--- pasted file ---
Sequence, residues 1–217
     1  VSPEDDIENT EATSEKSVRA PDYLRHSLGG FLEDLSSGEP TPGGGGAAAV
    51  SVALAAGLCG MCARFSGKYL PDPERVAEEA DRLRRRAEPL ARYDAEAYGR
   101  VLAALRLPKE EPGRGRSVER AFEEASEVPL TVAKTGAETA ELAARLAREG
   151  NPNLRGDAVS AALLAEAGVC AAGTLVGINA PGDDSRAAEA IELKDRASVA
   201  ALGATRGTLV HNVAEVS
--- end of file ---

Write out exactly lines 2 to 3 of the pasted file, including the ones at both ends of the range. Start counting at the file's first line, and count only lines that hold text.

     1  VSPEDDIENT EATSEKSVRA PDYLRHSLGG FLEDLSSGEP TPGGGGAAAV
    51  SVALAAGLCG MCARFSGKYL PDPERVAEEA DRLRRRAEPL ARYDAEAYGR